On Friday, former NI-Secretary Owen Paterson tweeted “The collapse of power-sharing in Northern Ireland shows the Good Friday Agreement has outlived its use” with a link to a Daily Telegraph article written by Ruth Dudley Edwards. The crucial paragraph from the Edwards piece is the final one:
“Realists believe the GFA has served its purpose and run its course, leaving behind the unintended consequence of enshrining sectarianism in the political process. Rationally, Ireland and the UK should face the truth, and begin a renegotiation and updating of the GFA. But with Brexit preoccupying both, the hot money seems to be on fudged direct rule and undeserved concessions to the wrecking party in the hope of bribing it back into power. It is a gloomy scenario.”
While the above is written carefully, discussing the idea of “renegotiation” as opposed to outright abandonment of the peace process, it is indicative of a quietly handled shift that is happening in Brexit thinking: that the Good Friday Agreement is no longer a sacred cow. Owen Paterson retweeting the provocative headline underscores this. Dan Hannan, a sort of human barometer of Brexiteering (watch for it: if Hannan says the time has come for a soft Brexit, the game is truly up), tweeted the following yesterday:
1. Corbyn will side with any cause, however monstrous, provided it is anti-West
2. The Good Friday Agreement has failed
3. Don’t fall for the romantic myth of Jacobitism
The tweet then links to a Telegraph article that starts with some stuff about Corbyn and the Communist spy malarkey, and proceeds to this on the topic of the GFA:
“The Belfast Agreement is often spoken about in quasi-religious terms – literally, for it is more widely known as the Good Friday Agreement. But its flaws have become clearer over time. The original deal represented a bribe to two sets of hardliners who, having opposed power-sharing, came to support it when they realised that they would be the direct beneficiaries. For 20 years, Sinn Féin and the DUP have propped each other up like two exhausted boxers in a clinch. A permanent grand coalition leaves them free to reward their supporters with subsidies and sinecures.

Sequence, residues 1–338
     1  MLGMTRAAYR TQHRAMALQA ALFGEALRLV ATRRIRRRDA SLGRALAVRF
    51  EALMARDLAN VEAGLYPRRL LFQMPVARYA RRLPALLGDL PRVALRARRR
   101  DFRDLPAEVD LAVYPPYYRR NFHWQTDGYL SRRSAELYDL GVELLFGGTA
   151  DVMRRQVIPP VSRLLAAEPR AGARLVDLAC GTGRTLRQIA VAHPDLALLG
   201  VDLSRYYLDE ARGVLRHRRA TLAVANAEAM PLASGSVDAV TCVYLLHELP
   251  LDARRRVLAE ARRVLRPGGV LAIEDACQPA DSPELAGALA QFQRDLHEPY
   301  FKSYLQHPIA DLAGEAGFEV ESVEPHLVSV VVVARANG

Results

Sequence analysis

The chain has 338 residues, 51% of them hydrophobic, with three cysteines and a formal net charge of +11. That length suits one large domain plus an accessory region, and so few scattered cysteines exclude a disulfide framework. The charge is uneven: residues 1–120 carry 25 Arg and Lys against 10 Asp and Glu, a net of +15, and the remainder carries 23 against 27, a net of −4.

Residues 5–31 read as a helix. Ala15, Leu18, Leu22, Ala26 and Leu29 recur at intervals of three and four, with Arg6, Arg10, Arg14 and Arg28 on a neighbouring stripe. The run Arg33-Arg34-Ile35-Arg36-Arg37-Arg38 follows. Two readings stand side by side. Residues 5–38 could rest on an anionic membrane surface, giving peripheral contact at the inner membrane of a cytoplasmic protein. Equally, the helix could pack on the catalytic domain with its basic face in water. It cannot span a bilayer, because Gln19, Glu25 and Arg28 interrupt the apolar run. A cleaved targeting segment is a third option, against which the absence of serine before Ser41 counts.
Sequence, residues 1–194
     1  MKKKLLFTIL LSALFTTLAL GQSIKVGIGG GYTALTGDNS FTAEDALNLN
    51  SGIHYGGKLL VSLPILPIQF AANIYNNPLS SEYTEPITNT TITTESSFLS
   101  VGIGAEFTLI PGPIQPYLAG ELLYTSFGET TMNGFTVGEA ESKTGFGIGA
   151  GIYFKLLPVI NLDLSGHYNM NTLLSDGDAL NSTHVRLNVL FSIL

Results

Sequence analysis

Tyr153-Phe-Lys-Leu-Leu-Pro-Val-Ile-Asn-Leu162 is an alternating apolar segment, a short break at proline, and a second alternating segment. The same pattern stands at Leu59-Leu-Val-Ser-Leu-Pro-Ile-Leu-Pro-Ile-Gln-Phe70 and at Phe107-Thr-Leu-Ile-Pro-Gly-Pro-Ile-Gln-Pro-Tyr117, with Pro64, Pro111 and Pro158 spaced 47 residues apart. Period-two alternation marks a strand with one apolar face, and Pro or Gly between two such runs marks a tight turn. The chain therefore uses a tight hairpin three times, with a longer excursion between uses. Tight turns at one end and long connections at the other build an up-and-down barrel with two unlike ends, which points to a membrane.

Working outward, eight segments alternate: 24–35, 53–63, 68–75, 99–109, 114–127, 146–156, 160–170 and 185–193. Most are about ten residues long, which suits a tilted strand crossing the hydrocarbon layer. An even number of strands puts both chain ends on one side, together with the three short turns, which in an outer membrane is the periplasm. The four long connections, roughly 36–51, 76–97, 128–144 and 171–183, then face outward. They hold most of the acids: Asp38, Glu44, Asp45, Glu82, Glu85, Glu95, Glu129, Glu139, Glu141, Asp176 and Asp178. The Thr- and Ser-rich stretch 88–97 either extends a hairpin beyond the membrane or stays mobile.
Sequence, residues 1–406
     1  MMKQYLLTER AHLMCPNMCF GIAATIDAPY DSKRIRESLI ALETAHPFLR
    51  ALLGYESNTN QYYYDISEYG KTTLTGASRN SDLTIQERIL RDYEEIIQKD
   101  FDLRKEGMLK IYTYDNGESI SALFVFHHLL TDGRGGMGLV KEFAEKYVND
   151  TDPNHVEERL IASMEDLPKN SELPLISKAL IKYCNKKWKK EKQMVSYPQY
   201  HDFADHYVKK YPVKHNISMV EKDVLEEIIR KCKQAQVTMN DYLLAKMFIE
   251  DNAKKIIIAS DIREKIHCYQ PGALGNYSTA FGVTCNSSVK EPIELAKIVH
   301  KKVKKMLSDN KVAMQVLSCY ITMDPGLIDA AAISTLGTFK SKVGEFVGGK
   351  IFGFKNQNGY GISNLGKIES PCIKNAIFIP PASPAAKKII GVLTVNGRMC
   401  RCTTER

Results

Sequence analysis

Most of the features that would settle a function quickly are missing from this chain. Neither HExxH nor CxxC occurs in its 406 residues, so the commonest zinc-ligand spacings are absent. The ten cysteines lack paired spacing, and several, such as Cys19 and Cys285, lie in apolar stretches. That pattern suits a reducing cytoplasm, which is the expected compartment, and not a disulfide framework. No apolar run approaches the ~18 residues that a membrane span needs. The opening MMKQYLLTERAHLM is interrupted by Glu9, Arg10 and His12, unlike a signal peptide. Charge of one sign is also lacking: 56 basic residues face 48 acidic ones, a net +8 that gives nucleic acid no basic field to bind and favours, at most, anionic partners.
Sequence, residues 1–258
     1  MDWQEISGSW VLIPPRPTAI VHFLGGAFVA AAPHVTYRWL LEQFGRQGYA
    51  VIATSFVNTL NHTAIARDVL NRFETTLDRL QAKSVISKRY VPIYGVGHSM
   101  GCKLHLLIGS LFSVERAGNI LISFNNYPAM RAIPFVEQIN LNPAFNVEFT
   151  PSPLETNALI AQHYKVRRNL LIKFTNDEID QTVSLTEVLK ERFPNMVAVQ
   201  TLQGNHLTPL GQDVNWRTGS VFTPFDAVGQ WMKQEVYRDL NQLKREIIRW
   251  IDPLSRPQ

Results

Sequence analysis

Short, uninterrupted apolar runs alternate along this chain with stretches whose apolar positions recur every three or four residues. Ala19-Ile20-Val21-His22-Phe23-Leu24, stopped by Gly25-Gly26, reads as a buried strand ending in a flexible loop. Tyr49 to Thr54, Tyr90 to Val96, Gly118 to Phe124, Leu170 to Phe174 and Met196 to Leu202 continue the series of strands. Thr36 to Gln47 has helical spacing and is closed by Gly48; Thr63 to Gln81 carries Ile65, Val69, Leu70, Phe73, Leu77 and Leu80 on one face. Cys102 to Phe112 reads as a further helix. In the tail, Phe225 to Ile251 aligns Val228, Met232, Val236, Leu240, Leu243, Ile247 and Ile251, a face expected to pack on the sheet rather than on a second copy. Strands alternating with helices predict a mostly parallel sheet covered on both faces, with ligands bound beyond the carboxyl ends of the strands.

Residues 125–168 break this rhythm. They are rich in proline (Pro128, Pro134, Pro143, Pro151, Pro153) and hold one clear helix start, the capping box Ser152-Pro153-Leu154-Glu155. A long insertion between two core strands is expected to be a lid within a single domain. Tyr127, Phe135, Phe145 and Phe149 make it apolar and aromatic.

“Well, that’s better than shooting each other,” say well-meaning people. But the Belfast Agreement was a consequence, not a cause, of the end of terrorism, and there are less corrupting ways to guarantee civilian politics.”
This is dangerous in countless ways, but I’ll stick to the ones I think most pertinent. One, introducing the idea that the GFA is almost totally incidental to the peace that has existed in Norther Ireland over the past two decades – as if it was a mere technicality underpinning a vast process as opposed to the glue that holds that peace together. Two, arguing for the supposed ease of getting another peace agreement in Northern Ireland to replace the GFA. One that presumably doesn’t involve a power sharing arrangement, remember. As if Sinn Fein and the DUP could have a weekend away together and come up with a new and improved means of avoiding large scale violence in Ireland, all while getting nothing for themselves in the process. Of course, one could point out that these two parties couldn’t come to an agreement about sitting in a parliament together, never mind a whole new constitutional settlement that will underpin peace in the region, but Hannan has actually dealt with this in his own inimitable way. That’s what the “Sinn Féin and the DUP have propped each other up like two exhausted boxers in a clinch” line is all about – as if you could get a replacement GFA, easily, on the hoof, in the midst of the Brexit negotiations, all while bypassing both the largest Unionist and Nationalist parties completely along the way. Does Hannan actually believe something so outrageously politically naïve?
One can’t help but think that because the Good Friday Agreement is a tricky obstacle on the way towards a hard Brexit, it needs to be talked down just a wee bit. I also can’t help but notice that the Brexiteer idea that a new Good Friday Agreement will be the easiest thing in the world sounds a lot like what they thought the Brexit negotiations with the EU were going to be like a little over a year ago. Whatever the motivation, the GFA cannot become collateral damage in all of this, under any circumstances.